A Recipe for Disaster: School Cops Are Being Armed with 50,000-Volt Tasers
One spring day this April, at the Franklin Correctional Institution on Florida's Highway 67, Sgt. Walter Schmidt pulled out his electronic immobilization device -- EID in correctional officer parlance -- and zapped two people, who immediately "yelped in pain, fell to the ground and grabbed red burn marks on their arms," according to the St. Petersburg Times.
The two were not inmates at the prison, however. They were students visiting as part of "Take Our Daughters and Sons To Work Day."
The move cost Schmidt his job, despite his claim that he merely intended to demonstrate how the devices worked. He had even asked the children's parents (who were also employees at the prison) permission first. "When they said 'sure,' I went ahead and did it," he told the Times.
"It wasn't intended to be malicious, but educational. The big shock came when I got fired."
Schmidt wasn't alone in his job-costing blunder. In fact, it came just one day after other children, visiting different prisons were similarly shocked.
"A total of 43 children were directly and indirectly shocked by electric stun guns during simultaneous Take Your Sons and Daughters to Work Day events gone wrong at three state prisons last month," the St. Petersburg Times reported on May 16. "One was a warden's daughter."
Their ages ranged from 8 to 17. Fourteen of the kids were "directly shocked." The other 29 were "indirectly exposed when they held hands with a person who was shocked. With the kids circled together, the electricity could flow from one child's hands to the next."
Walt McNeil, secretary of the Florida Department of Corrections told the Times, "I can't imagine what these officers were thinking to administer this device to children, nor can I imagine why any parent would allow them to do so. This must not happen again."
The bizarre rash of student electrocutions might have been an aberration on Florida prison grounds, but the guards -- three of whom were fired and two of who resigned -- might be forgiven for assuming that such devices are somehow safe for kids.
Even as news outlets across the country report episode after episode where police officers tase and use stun guns on unlikely people -- the pregnant woman at a baptism in Virginia or the 72-year-old woman in a Texas traffic stop -- more and more police officers are being given tasers to carry into schools.
And not just on college campuses; middle and high schools across the country are inviting Taser-toting cops on school grounds.
This comes at a time when Tasers have claimed the lives of hundreds of people, including three teenagers this year.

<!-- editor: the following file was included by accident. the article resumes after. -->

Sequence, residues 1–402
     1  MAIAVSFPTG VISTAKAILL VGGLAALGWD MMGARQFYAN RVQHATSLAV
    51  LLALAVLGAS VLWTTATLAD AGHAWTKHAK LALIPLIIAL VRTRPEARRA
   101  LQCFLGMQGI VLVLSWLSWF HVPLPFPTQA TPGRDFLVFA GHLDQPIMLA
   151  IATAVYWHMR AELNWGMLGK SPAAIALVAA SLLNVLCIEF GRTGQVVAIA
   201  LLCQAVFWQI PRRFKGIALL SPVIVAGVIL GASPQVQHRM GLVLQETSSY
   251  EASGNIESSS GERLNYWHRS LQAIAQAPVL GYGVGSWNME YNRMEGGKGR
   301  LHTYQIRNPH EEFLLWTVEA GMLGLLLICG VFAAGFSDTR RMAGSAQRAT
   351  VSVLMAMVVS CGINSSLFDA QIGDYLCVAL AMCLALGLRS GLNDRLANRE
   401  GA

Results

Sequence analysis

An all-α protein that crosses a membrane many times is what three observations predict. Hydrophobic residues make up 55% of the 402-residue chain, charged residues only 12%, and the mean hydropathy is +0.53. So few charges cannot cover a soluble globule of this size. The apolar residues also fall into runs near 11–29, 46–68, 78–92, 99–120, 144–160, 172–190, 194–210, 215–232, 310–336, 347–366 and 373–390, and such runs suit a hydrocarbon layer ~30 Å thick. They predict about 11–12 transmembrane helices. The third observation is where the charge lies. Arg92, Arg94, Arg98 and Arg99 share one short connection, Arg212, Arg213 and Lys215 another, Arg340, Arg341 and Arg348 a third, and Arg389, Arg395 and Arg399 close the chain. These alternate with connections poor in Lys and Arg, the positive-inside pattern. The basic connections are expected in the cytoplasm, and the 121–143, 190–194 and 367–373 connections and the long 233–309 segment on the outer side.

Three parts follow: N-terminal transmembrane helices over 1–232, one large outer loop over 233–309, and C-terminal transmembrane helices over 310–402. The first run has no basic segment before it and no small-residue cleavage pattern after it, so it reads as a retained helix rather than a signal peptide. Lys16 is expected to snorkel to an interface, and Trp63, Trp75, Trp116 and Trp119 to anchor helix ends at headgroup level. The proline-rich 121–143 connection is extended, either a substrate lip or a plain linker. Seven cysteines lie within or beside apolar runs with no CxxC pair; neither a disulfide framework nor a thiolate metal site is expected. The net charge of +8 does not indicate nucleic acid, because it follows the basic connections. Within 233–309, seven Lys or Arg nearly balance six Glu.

While heightened security might be a necessity in an age where kids smuggle deadly weapons to school, this fact alone should give parents and school officials pause. Even as school administrators and local law enforcement accept and incorporate Tasers as disciplinary measures, deploying them on school grounds is putting students at risk.
Is Breaking School Rules a Crime?
Last September, police officers in Hawthorne, Calif., tased an autistic 12-year-old boy at his middle school after he became "violent," launching a misconduct investigation by the police department.
In June, at Penn Hills High School in Pennsylvania, a student was tased in the hallway after ignoring a police officer's orders to put away his cell phone. ("The kid refused to listen," Penn Hills Police Chief Howard Burton explained, saying the student then "pushed the officer.")
In 2006, an 11th-grader named Angel Debnam was tased at her high school in Bunn, N.C., just outside Raleigh.
"Something sticks in you, and it's like a wire," Debnam described to local ABC affiliate WTVD. "When I was on the ground crying and shaking, he asked me, 'Was that enough? Are you calmed down now?' and he did it again."
In March, the Los Angeles Times reported that "the number of law enforcement agencies that have given Tasers to officers who work on school campuses has grown to well over 4,000," according to Steve Tuttle, vice president of communications at Taser International. That's up from 1,700 in 2005.
In an e-mail to AlterNet last week, Tuttle said that this estimate remains accurate, noting that it "includes municipal law enforcement agencies that have school resource officers (SROs) for elementary and high schools, as well campus police for colleges and universities." But Tuttle took issue with the notion that Tasers are used "for unruly students' as the L.A. Times article inferred."
"They are used to protect students and faculties," he said, as well as police officers hired to patrol school grounds.